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Lure styles and categories, Part II

By Staff | Dec 20, 2012

Each marlin lure offers different traits.

One of the first head shapes made, tube lures are nothing more than a cylinder with a slant face. Tubes are a deadly top-water design that create a great bubble trail and make a lot of noise. If you’re not pulling tubes, you’re making a big mistake.

Tube lures exhibit an aggressive swimming action thanks to their relatively small diameter head and radical slant. Tubes work well from the outriggers or as long transom baits, and they pull with fewer hassles than most slanted lures (they don’t require being perfectly rigged).

Because of their big, popping splash and exaggerated swimming motion, tube baits fish much bigger than their size would suggest. Big fish will eat these medium-sized baits.

When most of us think of marlin lures, the plunger or “Kona head” lures come to mind. The term Kona head has been used to describe so many different lure styles that it is now used by most people as a generic term to describe any large, resin-head lure with a slanted face and taper. True Kona head lures, however, feature elongated, severely tapered bodies, offset leader tubes and a scooped-out face.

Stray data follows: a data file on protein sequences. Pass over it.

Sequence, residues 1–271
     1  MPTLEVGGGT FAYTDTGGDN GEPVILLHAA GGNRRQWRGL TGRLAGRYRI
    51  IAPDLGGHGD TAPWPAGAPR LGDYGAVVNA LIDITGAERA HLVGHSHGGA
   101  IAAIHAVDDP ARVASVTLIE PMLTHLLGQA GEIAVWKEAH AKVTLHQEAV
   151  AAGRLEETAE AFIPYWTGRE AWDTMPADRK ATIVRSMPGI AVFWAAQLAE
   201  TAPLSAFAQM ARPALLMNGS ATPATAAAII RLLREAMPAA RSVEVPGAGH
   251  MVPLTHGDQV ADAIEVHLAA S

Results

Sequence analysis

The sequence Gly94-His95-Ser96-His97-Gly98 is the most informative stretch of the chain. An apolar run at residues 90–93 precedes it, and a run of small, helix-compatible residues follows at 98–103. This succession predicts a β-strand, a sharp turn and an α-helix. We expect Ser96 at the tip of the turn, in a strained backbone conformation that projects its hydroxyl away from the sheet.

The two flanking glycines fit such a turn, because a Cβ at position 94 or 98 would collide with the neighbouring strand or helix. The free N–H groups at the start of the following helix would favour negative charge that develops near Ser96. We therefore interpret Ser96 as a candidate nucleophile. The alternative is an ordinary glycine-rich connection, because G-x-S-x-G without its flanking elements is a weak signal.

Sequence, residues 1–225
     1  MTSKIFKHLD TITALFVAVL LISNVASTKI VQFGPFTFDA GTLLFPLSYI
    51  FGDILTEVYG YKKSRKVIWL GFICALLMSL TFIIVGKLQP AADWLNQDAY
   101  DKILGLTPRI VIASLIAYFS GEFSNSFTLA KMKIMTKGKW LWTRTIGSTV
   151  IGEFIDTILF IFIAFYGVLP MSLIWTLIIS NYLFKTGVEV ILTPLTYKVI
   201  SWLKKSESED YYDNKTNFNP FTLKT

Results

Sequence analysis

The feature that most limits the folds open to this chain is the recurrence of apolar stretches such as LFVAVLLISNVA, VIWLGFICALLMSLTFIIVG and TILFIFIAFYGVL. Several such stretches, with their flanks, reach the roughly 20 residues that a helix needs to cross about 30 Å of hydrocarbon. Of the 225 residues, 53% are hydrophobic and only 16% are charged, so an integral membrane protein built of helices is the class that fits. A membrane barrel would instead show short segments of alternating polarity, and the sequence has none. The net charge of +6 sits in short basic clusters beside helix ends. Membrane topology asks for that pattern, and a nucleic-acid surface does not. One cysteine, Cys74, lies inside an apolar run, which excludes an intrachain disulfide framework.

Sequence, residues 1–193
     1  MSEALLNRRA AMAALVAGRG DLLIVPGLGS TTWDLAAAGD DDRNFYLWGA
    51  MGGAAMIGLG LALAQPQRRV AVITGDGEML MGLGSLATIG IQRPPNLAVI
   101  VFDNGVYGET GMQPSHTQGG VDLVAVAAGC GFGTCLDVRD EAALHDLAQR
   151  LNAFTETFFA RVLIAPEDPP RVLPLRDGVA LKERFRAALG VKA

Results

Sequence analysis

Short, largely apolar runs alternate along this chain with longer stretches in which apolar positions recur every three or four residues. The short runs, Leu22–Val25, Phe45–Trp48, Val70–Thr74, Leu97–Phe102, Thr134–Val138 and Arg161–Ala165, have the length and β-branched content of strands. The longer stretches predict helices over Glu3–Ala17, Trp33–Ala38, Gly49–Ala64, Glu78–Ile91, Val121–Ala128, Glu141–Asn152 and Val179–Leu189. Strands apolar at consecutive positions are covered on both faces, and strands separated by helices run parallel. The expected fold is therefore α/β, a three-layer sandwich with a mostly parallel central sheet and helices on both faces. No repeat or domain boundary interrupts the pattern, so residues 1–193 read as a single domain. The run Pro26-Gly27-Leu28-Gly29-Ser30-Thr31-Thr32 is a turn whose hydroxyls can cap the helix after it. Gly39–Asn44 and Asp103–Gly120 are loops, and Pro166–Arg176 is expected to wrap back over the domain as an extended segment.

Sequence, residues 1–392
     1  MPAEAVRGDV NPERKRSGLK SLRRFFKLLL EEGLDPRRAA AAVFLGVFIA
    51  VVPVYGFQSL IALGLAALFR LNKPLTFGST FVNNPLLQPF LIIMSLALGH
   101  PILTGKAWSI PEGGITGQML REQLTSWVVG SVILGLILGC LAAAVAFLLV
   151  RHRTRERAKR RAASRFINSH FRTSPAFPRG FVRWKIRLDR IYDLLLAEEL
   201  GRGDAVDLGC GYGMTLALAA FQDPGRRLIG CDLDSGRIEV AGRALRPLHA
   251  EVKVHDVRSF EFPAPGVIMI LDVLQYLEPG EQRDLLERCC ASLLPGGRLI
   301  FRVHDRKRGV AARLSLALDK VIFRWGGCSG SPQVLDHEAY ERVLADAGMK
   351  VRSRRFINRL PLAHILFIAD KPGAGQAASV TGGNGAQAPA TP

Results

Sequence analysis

Kona heads swim with an extremely exaggerated side-to-side motion that makes them hard to rig and nearly impossible to pull at speeds much higher than eight knots. Konas have more of a darting action; they definitely can’t be considered a straight runner.

Fish have a hard enough time eating a lure that’s moving up and down in one plane of motion, let alone darting from side to side.

Plungers are commonly misidentified as Kona heads, probably because they, too, were first used in Hawaiian waters. Slanted faces and tapered bodies typify plunger-style lures.

The plunger’s tapered nose gives the lure a smaller entry and doesn’t make a giant splash. The plunger’s slanted face gives it a good swimming action and is not severe enough to knock it off track, allowing it to swim straight without a lot of fine-tuning.

You should follow one rule of thumb when pulling any slant-faced lure, a rule that particularly applies to plungers. The rougher it gets, the less slant you should have on your lures.